I woke up to an orange sky
tasselled with clouds.
Drumming up, the heart made
a reluctant lurch toward
an invisible line. To love
and honor, is that it? Our work then
is to interpret, to teach the heart not
to be invulnerable, stiff as board,
watch the daily signs which are
a customary prayer–call me
ridiculous, pathetic, but
this is my sun dance,
I felt it back then but had to ask,
what’s the name of the place anyway.
May 13 was the centennial celebration of Fatima. Three shepherd children had seen the apparition of Mary in the spring of 1917, whom they called Fatima, and received three prophecies. They then saw her a couple more times, a total of six, between then and 13 October 1917. On 13 October, a large crowd had gathered at the Cova da Iria, in Fatima, Portugal, and witnessed a sun dance.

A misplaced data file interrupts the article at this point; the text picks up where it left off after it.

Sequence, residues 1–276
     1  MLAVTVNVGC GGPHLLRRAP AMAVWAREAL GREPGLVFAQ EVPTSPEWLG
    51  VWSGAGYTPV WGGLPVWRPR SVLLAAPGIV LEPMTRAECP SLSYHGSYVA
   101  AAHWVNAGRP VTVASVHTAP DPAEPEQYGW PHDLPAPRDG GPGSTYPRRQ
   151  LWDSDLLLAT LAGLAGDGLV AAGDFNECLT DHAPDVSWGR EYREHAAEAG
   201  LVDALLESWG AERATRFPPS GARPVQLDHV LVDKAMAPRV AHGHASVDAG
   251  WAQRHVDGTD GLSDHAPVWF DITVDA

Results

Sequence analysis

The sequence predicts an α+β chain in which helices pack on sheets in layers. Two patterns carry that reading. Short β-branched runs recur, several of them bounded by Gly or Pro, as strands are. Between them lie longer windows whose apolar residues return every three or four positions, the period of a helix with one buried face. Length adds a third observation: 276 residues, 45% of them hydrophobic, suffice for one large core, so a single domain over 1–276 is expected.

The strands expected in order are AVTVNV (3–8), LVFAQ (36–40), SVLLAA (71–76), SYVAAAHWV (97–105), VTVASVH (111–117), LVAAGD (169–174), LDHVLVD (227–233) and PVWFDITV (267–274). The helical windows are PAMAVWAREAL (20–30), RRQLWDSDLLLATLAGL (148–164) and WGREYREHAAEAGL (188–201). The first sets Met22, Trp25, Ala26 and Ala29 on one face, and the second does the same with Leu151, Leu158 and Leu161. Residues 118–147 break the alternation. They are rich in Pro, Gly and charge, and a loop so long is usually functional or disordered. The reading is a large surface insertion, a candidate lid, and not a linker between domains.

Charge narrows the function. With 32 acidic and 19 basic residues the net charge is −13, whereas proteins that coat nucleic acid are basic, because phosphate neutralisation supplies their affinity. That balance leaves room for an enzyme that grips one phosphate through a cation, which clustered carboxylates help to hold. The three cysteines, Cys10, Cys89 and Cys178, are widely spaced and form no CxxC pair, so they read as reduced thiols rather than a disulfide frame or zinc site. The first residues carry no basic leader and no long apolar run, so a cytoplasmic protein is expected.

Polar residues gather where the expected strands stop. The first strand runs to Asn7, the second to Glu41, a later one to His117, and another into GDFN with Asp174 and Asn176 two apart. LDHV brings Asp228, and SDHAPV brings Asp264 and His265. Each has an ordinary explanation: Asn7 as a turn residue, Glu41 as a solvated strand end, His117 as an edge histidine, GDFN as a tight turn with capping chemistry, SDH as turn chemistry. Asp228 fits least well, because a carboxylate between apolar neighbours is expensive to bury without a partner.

“According to accounts, after a period of rain, the dark clouds broke and the sun appeared as an opaque, spinning disc in the sky. It was said to be significantly duller than normal, and to cast multicolored lights across the landscape, the people, and the surrounding clouds. The sun was then reported to have careened towards the earth before zig-zagging back to its normal position. Witnesses reported that their previously wet clothes became “suddenly and completely dry, as well as the wet and muddy ground that had been previously soaked because of the rain that had been falling” (Wikipedia)
On 13 May 2017, Pope Francis canonized two of the children, Jacinta and Francisco. They died at age 9 and 10 respectively. The third child, Lucia, lived till age 97.
In your poem, reference the supernatural. You might want to use the words provided by The Sunday Whirl.